New Greek Church Scene of Unusual Religious Exercises



With the ceremony of pouring oil upon the foundation stone the Greek Church was founded at the corner of Van Ness avenue and Green street yesterday.

Rev. T. N. Pashkovsky officiated at this rite, which was followed by elaborate religious exercises and prayers and songs of thanksgiving, in which more than 250 people participated. The music, by a choir of 20 under the direction of V. T. Greevsky, the choirmaster, unaccompanied by instruments, as is the custom in the Greek church, was a feature of the exercises.

Another interesting incident was the ringing of the big bell which was taken from the tower of the old Greek church at Powell and Union streets two days before the disaster in April, 1906. The members of the congregation regard the saving of the bell with religious awe.

Twenty years ago the bell was cast and given to the church as a thanksgiving offering for a miraculous escape of Alexander III and his family. Two days before the great fire the building occupied by the Greek church was sold, and the great bell, weighing 6,000 pounds, taken down and stored beyond the fire limits. Its mellow note was heard yesterday for the first time since that day. It is hung in the tower of the church, the skeleton of which has already been erected.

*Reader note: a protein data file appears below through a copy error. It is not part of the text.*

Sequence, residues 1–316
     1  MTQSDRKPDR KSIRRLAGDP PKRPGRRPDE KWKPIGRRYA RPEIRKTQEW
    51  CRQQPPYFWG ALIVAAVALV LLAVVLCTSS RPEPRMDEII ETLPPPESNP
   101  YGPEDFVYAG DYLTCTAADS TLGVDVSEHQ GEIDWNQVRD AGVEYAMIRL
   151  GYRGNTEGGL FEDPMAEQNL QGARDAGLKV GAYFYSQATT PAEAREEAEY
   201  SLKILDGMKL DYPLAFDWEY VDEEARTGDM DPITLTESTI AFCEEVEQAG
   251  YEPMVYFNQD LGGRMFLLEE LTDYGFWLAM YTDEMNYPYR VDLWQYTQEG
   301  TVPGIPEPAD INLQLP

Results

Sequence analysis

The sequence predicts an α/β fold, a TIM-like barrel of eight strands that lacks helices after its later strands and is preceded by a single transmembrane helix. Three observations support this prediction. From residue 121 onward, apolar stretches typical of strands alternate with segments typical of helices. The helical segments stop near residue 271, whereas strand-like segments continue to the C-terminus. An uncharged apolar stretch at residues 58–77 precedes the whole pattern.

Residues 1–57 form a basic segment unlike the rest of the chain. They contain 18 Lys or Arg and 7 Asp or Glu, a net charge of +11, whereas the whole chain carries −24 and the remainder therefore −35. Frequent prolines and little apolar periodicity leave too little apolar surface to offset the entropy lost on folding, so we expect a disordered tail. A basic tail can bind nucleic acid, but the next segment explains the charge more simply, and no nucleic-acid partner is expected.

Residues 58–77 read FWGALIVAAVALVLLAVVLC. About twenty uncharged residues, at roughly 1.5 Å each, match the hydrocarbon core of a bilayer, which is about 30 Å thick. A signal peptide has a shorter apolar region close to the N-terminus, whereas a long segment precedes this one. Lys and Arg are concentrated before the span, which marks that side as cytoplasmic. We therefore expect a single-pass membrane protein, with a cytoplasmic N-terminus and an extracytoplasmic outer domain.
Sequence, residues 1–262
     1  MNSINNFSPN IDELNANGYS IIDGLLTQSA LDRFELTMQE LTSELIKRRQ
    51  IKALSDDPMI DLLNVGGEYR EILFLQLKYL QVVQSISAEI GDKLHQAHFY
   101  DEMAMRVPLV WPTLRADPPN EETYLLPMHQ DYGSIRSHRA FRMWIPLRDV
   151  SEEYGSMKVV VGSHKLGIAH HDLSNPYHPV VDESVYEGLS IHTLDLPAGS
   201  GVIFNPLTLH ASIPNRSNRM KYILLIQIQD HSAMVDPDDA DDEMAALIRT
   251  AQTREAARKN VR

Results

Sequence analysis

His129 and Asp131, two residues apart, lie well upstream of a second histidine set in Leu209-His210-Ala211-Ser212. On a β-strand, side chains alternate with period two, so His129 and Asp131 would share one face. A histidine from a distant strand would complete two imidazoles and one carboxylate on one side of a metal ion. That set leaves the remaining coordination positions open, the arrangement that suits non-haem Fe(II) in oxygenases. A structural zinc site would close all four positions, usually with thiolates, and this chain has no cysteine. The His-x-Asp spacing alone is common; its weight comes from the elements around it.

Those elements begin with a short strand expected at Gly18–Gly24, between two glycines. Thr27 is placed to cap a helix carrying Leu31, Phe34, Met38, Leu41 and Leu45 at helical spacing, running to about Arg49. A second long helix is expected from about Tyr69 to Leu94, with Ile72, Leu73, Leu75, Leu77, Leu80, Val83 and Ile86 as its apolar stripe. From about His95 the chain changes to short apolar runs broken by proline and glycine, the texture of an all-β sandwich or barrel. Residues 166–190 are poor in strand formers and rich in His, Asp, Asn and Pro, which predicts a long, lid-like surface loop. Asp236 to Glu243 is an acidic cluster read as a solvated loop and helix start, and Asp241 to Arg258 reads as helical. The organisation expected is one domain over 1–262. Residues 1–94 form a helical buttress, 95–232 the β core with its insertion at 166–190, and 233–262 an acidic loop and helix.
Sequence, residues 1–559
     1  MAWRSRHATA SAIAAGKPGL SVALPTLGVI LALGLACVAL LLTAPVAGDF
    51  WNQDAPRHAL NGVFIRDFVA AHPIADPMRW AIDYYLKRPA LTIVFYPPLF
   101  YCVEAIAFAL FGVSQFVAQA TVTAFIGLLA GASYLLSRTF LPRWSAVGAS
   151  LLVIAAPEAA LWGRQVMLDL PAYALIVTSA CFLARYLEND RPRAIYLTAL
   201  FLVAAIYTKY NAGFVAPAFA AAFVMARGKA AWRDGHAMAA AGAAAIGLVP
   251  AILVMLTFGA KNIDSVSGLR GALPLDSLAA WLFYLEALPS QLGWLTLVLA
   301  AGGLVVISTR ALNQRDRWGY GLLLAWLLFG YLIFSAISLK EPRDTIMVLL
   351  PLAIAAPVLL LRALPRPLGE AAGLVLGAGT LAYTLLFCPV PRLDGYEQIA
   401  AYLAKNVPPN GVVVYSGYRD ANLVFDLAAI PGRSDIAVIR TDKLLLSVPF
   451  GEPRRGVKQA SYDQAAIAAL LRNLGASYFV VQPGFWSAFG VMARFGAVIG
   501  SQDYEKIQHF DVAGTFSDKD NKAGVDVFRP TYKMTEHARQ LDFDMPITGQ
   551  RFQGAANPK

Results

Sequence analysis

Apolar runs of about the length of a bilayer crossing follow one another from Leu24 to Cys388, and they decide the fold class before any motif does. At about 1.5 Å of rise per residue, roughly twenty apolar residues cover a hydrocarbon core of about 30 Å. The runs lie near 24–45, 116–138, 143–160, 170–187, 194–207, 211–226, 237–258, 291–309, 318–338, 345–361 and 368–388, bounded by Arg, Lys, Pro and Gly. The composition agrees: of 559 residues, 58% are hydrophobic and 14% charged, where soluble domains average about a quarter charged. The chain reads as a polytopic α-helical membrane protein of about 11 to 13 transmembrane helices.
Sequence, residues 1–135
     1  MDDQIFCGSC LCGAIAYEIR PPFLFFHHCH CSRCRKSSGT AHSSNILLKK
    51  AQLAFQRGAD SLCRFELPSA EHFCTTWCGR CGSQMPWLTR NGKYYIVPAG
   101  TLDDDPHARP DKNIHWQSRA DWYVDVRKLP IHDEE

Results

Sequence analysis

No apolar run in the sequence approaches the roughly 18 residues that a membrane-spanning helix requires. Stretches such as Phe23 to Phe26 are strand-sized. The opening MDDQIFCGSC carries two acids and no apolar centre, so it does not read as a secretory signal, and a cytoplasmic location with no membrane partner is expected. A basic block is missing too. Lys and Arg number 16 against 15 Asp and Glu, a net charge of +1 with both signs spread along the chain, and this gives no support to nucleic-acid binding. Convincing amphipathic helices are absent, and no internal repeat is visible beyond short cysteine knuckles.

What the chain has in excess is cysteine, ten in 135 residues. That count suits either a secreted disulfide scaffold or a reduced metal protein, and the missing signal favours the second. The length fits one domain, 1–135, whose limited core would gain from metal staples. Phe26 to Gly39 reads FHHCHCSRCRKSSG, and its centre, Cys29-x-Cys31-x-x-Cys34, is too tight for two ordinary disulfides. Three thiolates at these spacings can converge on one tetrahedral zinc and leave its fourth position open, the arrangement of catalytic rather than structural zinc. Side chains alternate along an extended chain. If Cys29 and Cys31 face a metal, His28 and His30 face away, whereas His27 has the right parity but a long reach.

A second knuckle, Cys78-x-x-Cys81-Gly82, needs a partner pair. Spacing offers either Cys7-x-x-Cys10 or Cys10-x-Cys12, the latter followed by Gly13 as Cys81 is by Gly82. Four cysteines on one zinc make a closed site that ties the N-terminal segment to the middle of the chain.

The structure when completed will be most picturesque in its setting of trees and foliage, and will hold 600 people standing, the custom in the Greek church being to use no chairs or seats of any kind during divine service.

In an iron box under the cornerstone is sealed the parchments, on which is written the creed of the church in Greek and English, a record of the deeds of the bishop, Platon, and the names of the president and cabinet ministers of the government of the United States at the present time.

The San Francisco Call, Monday, March 1, 1909, p. 2:1.